Vol. 50, No. 4
Quick! Show Me Your Value
By Theresa Seagraves, Society for Human Resource Management and ASTD Press, 2004
List price: $36.95, 246 pages
This step-by-step handbook, with an accompanying CD-ROM, is written for trainers but can help any HR professional. Author Theresa Seagraves shows how to determine the dollar value of your work and then communicate that value to audiences all along the corporate ladder, from the line manager who wants to know what your program does for him today to the CEO who wants to know what HR will contribute over the next few years.
Seagraves, a consultant specializing in value communication, notes up front that most HR professionals didn’t go into HR because they loved numbers. A “fear of finance” afflicts many in the profession, she says. But executives today expect HR practitioners to have a financial perspective on their work and to make the business case for HR programs, she notes. With examples, exercises, worksheets and forms, Quick! Show Me Your Value gives HR professionals tools to express their work in hard numbers.
The book first helps readers define the audiences to whom they want to communicate their value, such as chief financial officers, vice presidents and line managers. Then HR professionals have to research financial information and find out what those audiences truly value.
Seagraves takes readers through examples of how HR’s services connect to the organization’s bottom line. She also delves into the assumptions that other parts of an organization may have about HR—the things HR does that get taken for granted and the things HR does that “would delight your audience if they only knew about them.” She offers a model for decoding assumptions about HR’s value.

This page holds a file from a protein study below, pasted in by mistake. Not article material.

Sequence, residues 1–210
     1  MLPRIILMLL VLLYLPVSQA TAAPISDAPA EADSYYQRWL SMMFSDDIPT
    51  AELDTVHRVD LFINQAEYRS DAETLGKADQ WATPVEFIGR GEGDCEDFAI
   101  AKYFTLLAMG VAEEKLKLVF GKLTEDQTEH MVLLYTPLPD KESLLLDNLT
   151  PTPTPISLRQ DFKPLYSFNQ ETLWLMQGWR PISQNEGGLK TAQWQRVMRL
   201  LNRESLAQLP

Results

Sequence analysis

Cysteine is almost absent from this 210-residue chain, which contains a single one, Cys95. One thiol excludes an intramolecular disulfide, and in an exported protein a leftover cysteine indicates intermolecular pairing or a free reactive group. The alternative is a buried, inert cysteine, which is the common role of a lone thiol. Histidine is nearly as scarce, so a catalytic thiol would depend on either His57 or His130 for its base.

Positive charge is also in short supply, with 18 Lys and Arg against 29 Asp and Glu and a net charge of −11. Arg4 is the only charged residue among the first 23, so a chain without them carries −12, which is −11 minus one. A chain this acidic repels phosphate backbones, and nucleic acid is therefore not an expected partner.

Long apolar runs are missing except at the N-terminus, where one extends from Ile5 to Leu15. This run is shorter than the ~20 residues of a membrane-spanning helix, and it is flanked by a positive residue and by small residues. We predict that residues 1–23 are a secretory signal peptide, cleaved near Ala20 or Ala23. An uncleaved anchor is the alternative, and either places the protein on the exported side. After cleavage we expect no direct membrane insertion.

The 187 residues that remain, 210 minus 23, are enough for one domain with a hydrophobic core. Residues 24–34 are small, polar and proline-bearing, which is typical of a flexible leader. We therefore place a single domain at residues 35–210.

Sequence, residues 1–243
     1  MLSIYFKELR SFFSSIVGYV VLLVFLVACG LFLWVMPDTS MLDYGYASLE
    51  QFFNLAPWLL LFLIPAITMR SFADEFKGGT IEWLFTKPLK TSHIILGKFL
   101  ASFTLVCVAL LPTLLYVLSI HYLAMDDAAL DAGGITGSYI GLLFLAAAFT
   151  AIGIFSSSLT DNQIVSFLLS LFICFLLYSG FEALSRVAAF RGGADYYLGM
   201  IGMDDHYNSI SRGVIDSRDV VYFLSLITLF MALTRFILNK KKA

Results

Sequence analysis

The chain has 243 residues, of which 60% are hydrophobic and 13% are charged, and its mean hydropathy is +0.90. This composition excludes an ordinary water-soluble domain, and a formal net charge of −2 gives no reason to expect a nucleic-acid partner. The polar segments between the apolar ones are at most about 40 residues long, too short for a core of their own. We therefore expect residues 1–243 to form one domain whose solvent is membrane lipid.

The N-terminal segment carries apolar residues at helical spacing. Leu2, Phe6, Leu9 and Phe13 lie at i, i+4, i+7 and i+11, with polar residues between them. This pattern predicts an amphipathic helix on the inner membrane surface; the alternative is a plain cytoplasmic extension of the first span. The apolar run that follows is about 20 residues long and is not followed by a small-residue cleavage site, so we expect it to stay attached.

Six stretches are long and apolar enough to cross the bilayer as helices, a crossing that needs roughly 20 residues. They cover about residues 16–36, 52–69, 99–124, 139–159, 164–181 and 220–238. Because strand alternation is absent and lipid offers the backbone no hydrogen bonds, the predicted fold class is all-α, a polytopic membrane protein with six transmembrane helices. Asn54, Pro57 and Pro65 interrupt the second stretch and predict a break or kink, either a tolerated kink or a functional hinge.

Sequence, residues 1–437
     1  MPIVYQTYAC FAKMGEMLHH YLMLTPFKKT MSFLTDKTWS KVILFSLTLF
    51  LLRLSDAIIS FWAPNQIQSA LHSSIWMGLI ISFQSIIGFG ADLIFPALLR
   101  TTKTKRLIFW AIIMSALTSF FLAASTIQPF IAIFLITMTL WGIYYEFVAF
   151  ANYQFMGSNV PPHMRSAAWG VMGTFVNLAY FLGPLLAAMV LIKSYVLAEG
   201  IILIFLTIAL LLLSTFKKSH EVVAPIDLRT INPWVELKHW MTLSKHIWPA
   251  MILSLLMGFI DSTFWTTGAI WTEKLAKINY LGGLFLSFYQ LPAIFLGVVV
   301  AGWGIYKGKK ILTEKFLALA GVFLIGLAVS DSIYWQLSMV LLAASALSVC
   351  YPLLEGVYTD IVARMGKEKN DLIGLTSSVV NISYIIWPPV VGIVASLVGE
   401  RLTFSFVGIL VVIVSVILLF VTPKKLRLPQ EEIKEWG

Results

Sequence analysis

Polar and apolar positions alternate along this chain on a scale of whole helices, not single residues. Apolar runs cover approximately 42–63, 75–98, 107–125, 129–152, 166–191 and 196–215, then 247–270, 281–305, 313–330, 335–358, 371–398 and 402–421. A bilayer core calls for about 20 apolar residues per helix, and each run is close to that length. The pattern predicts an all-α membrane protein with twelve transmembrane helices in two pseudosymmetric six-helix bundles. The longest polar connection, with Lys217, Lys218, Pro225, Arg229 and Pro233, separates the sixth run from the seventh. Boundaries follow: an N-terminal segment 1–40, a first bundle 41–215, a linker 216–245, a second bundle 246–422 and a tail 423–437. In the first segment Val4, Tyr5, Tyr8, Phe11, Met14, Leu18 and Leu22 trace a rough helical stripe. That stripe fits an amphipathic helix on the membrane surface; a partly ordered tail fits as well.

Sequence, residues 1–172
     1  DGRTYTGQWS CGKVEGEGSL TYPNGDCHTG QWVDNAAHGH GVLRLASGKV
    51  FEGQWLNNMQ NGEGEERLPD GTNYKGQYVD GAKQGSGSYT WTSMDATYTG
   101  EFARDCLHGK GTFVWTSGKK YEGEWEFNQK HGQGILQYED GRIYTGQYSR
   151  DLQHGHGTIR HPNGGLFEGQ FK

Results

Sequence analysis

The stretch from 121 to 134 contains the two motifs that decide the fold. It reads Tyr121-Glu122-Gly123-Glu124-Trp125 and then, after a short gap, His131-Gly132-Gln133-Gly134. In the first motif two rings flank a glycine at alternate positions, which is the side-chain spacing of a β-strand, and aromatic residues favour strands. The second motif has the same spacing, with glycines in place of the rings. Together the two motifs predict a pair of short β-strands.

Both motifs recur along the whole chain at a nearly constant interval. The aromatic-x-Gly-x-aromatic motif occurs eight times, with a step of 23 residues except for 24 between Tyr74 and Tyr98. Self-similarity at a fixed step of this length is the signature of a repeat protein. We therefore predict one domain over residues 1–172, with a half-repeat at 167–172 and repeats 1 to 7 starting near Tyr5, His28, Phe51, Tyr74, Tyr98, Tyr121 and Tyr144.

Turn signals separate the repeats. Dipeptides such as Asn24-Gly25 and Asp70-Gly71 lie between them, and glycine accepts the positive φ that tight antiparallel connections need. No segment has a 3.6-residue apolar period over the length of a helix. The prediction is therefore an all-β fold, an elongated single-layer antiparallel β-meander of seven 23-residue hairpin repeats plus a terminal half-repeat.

A “financial imperatives scorecard” lets readers connect their value with their audiences’ immediate needs. One chapter demonstrates how to evaluate results in ways that will speak to each level of your audience. Seagraves also shows how to put information into an accessible format that audiences can use and how to craft a 30-second value statement to get your audience’s attention.
The book also helps readers understand the business life cycles that drive executives. Readers can create quarterly plans that forecast what their varied audiences will need over time.
Seagraves provides chapter summaries, summaries of key concepts, case studies for each concept and links to a web site with downloadable versions of exercises.
By Anna Marie Valerio and Robert J. Lee
List price: $40, 222 pages
Aimed squarely at HR professionals, Executive Coaching helps readers decide whether executive coaching is needed in the first place—and, if it’s warranted, how to make that coaching successful for both the executive and the employer.
Anna Marie Valerio, president of executive coaching firm Executive Leadership Strategies LLC, and Robert J. Lee, an independent management consultant and coach, show how HR can select executive coaches, help establish and monitor the coach-client relationship, support coaching, and evaluate its outcomes.